Thursday, June 03, 2010
"I finished your stupid challenge - now what?"
Yesterday was Day #7 for my home in the Attachment Challenge.
I did this challenge because we were at a bump in the road and needed to back up and do some very intentional things. We have had to do hours and hours and hours of therapeutic interventions lately. When that happens, you feel like, "Eh. I got in lots of face time. We have touched like CRAZY. Done." The problem is that you mentally feel like you have covered your bases, and the first thing to go is playfulness and pleasure FOR YOUR CHILD. And the very last thing you want to intentionally add to your day is playfulness and pleasure FOR YOUR CHILD.
Thus, this whole challenge thingy.
Now, I started out the week pissing you off. I would be delighted to end the week with just as much cursing, flailing and gnashing of teeth in my direction. I have learned and been reminded of much pain and truth this week. Parts of it sucked.
The first two days, I hated. I will admit, though, that as the week went along it wasn't AS painful and icky - even with all the crazy-craze. It reminded me of some of our early days in attachment therapy. The therapist had the kids practice saying, "I love you." It was painful for them. For instance, they would rather rage and scream and cry and yell, "I have loving feelings for you!" than just use less energy and say it. It was personal and it was very, very, VERY UNCOMFORTABLE for them. So, we made a chart. We tried for 10 times a day. ALL five of the kids did it, so there was an element of competition (when you can use that trauma-induced competition for good, DO IT!). By the fifth day, it was no longer painful. By the seventh day, they smiled as if it were almost a joke that we needed a chart.
My kids thought they might die. They really thought they may melt or implode. They did not. They hated it, but they had enough of a drive to keep up with their siblings, and they succeeded. Our therapist was one smart cookie.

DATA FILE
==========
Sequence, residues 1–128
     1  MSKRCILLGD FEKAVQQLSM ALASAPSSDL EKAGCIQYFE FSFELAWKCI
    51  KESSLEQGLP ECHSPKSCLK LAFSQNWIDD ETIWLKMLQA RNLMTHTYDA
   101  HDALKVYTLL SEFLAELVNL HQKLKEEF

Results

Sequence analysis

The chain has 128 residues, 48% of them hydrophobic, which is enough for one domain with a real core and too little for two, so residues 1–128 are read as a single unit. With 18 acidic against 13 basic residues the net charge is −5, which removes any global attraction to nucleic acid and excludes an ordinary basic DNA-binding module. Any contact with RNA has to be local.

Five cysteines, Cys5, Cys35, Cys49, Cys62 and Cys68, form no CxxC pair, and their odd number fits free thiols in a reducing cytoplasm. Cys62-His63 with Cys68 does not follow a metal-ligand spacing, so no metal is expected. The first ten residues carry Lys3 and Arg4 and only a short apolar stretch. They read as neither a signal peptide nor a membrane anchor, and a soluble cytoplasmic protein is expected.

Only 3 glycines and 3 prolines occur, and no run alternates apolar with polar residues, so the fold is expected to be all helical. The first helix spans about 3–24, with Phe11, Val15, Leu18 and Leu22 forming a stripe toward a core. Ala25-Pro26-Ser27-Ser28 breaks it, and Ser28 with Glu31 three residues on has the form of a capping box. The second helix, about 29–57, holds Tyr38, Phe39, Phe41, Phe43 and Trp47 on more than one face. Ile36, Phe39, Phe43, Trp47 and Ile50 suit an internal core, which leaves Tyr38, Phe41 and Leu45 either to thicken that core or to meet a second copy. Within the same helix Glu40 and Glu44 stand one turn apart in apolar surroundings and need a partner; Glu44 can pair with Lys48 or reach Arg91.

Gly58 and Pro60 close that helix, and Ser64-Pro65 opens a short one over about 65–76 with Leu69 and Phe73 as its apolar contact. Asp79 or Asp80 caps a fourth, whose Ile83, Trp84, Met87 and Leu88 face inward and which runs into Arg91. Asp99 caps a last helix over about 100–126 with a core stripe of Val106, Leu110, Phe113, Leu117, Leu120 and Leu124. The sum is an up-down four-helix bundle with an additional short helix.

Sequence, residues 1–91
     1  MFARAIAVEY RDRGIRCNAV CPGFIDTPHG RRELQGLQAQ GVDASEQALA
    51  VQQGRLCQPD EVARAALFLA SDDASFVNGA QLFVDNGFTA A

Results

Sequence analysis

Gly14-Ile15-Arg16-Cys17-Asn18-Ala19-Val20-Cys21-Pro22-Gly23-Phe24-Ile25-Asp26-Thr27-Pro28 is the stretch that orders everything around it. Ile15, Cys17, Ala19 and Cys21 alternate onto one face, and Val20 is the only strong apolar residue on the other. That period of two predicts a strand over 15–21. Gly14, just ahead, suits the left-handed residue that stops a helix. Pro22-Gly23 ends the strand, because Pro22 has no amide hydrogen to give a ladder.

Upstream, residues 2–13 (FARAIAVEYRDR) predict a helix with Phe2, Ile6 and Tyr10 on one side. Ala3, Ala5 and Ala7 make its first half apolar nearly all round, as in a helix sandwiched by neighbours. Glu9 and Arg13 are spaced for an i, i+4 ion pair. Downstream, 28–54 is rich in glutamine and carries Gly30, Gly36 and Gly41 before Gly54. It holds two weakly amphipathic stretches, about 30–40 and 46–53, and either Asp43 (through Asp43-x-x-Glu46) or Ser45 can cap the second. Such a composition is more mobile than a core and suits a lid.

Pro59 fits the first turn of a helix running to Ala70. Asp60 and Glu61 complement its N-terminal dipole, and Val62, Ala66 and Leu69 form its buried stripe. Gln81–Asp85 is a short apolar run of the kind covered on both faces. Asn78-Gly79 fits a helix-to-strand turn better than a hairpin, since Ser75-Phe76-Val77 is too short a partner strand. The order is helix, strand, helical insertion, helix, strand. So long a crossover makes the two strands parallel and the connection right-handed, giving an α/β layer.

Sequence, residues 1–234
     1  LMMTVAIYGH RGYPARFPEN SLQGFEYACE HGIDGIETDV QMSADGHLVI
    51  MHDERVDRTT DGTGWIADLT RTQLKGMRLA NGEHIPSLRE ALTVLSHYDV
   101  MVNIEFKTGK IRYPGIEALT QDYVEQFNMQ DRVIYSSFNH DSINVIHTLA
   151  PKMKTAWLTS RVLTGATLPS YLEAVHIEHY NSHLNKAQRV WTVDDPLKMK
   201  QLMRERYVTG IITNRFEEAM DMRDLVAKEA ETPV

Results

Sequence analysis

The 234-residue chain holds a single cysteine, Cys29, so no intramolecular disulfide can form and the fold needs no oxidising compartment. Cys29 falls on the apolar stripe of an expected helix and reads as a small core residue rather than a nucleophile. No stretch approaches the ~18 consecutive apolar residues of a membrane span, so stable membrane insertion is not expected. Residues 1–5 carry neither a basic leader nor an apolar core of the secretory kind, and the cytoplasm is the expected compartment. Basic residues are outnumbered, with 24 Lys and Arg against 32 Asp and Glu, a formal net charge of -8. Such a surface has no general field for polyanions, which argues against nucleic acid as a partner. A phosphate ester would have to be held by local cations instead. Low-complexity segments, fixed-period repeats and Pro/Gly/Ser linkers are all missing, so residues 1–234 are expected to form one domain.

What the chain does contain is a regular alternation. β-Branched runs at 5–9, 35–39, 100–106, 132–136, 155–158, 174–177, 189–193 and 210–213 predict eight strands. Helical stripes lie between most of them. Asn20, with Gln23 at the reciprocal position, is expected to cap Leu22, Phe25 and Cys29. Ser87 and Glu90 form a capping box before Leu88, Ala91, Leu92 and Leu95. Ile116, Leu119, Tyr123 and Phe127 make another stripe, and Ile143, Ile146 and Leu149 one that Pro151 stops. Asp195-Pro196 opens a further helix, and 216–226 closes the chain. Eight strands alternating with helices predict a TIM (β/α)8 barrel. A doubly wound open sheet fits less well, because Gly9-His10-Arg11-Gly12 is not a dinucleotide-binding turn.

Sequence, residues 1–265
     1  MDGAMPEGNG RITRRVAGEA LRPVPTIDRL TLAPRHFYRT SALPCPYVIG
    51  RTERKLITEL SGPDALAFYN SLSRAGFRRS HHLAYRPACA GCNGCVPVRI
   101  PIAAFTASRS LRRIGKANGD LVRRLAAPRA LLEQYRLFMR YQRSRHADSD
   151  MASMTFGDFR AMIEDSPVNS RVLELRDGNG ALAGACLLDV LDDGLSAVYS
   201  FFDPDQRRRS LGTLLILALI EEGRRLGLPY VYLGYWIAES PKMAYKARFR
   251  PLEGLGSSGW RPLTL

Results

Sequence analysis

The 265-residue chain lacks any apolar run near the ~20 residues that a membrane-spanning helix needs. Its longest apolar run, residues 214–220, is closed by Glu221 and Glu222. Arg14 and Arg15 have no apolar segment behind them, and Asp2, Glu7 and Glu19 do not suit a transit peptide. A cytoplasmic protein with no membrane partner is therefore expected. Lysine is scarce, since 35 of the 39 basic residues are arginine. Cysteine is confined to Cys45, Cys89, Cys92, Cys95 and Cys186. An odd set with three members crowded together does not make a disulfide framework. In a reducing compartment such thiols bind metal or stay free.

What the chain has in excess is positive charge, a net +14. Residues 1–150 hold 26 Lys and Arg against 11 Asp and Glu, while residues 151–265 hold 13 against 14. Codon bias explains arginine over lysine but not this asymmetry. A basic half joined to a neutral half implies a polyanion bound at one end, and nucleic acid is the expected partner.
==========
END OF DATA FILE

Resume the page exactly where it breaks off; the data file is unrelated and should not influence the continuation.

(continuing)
So, in the spirit of making you hate me, I want to share some things with you which have really stabbed at me lately - in a good way (and by "good," I mean "I hate them for being so honest and showing me my faults").
First, Daniel Hughes. Damn you, Daniel Hughes! Read his Treatment and Parenting Model. It's all very basic, but it's all just RIGHT THERE in front of you on that page. I have read a lot of his stuff, but then stumbled across this particular, informative, realistic, stupid, stupid page. I hate it because it is all so very right and true and valuable ... oh, and some of the hardest parts of being a therapeutic parent. *I am tattooing #8 across my forearm for constant reference*
There is a little article by Nancy Thomas that asks you to decide who sets your happy-stat. When is the last time you did something just outrageously silly in front of or with your traumatized child? Why are you letting your child set your happy-stat? Cause if that's the case, you have plum lost your happy!
And finally, this week I have put a spot light on the little things I have let creep in that shame my child further. In her "Therapeutic Parenting for Traumatized Children" manual (currently my most-suggested resource to anyone who asks), Denise Best says, "While it is true that a genuine dose of guilt is good, because it is designed to modify our choices and subsequent behaviors, the same is not true of shame ... guilt is like the heat that lifts the air in an air balloon as it shifts us to a higher level of functioning, shame is like a hole in the balloon that deflates the soul, causing one to just give up."
Now what? What have you seen? What have you learned? What absolutely, positively does. not. need. to. stop?
FYI - I just ducked, so your coffee mug did NOT smack me in the head. heh. heh.
(photo by ilker, used with permission)